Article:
Willie Dunn, Ottawa, is a half Micmac Native American singer-songwriter, one of the pioneers of it all in Canada, whom I had got to know at a festival in Mainz, Germany, in 1983 or so. He wanted to learn my Black Cat Song (Schwarze Katze) when I was at his home in 2000. And he sent me his band version of it for my CD Trier by night in 2003! I came back to meet him in 2005 and we ventured a ride into the Akwesasne Mohawk territory in New York State, USA, and had some troubles at the border getting into White America: Imagine Winnetou and Old Shatterhand appearing at a US border post, today! That’s how I felt. (Live demo recording 1/2006: Willie, Woltähr, Rent-A-Car.)

Love on me tonight“ (Canada, 2005; CD “From the Bunker“, Trier, 12/2007) is a song composed with the 7-string lyre, with Daniel Lanois (“Acadie“) and Leonard Cohen (from Montreal) in the back of my head. I had been to Halifax, Nova Scotia, and I spent a couple of days on the St. Lawrence river bank, then, between Ontario and Québec, with Ron Bankley, Willie Dunn’s guitarist, and a tough singer-songwriter himself >I had a great time singing, playing & trying thinx, as I sat in his canoe on that water, vast as a lake, drifting… almost like paragliding > The song is in German, though, and just that line “Will you lay your love on me tonight?“ is repeated in English every second verse, to create a really groovy, spooky, magical feel (Dt. „Des Meeres und der Liebe Wellen“, Liedertext-Liste Nr. 21).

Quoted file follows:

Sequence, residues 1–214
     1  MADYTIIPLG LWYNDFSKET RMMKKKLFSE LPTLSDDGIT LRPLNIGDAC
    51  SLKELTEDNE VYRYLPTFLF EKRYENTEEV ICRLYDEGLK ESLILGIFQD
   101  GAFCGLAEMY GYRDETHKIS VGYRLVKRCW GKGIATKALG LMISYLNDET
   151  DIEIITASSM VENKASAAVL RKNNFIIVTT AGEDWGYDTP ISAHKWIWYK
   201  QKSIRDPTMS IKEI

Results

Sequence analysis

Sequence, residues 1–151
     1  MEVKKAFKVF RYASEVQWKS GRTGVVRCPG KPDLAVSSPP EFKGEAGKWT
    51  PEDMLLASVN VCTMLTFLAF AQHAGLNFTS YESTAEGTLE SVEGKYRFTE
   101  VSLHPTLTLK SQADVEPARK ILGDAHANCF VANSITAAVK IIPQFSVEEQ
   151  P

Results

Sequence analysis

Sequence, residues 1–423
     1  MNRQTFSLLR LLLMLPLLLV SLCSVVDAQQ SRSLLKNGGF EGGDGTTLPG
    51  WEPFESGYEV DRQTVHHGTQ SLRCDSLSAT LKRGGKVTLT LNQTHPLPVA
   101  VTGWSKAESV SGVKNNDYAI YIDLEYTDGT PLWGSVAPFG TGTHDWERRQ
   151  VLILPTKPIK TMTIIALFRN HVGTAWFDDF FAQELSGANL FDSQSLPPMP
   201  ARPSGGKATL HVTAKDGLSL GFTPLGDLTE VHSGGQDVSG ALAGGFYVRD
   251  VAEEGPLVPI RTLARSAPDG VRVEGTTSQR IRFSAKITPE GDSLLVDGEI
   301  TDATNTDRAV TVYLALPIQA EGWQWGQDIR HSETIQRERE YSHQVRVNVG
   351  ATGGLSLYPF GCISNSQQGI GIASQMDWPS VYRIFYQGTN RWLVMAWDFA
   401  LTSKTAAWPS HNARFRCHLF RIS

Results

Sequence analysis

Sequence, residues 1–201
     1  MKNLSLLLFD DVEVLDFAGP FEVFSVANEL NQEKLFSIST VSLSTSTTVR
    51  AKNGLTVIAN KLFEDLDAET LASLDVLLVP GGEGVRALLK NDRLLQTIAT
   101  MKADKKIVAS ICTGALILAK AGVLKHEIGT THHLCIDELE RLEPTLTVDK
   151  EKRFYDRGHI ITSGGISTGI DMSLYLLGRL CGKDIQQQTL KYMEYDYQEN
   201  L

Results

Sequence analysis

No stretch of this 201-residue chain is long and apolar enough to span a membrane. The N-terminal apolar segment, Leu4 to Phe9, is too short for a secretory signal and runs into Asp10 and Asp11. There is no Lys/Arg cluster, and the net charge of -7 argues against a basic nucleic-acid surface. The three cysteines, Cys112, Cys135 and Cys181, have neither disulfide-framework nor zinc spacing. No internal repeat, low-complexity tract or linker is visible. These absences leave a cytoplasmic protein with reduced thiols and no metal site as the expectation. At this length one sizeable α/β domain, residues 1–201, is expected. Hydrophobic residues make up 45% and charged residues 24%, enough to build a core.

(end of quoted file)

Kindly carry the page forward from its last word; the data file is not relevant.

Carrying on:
More recent songs – to the 6- or 7-string lyre – in English and/or German translation:
> William Shakespeare’s “Sonnet 66“ (see the list nr. 66) (bilingual recording)
> and “Queen Mab“ (some fab verses from “Romeo & Juliet“) (nr. 48)
> Most recently: “Mornington Crescent“ (Tube station in London, Camden Town) (nr. 68)
written on Jan 1st, 2012, queuing up for Leonardo Da Vinci’s exhibit in the National Gallery,
and a kaleidoscopic look into the year 2012… speeding up again! > youtube logo
The 1993 in England song „Meine Heimat“ (My homeland is the country of the summer stars,
according tot he Welsh bard Taliesin, 5th to 6th century) has become a YouTube video > youtube logo, with pictures all around London in 2011. When Amy Winehouse had died. (With a verse written by Dylan Thomas, pronounced in Welsh language, as well as I can do it, meaning: We sail a boat upon a path, paddle with leaves, down an ecstatic line of light!)


Trio "Woltähr": Walter Liederschmitt, Uwe Heil, Carsten Söns (3 voc, 2 guit, lyre, concertina, basse) 1999 - 2007. La bande à "Woltähr": plus Carola Heiner (sax, clar) CD 1996 + 2000 + 2003, plus Christian Meissner (perc, dr) CD 2007. Dannehl, the bass player from August 2007...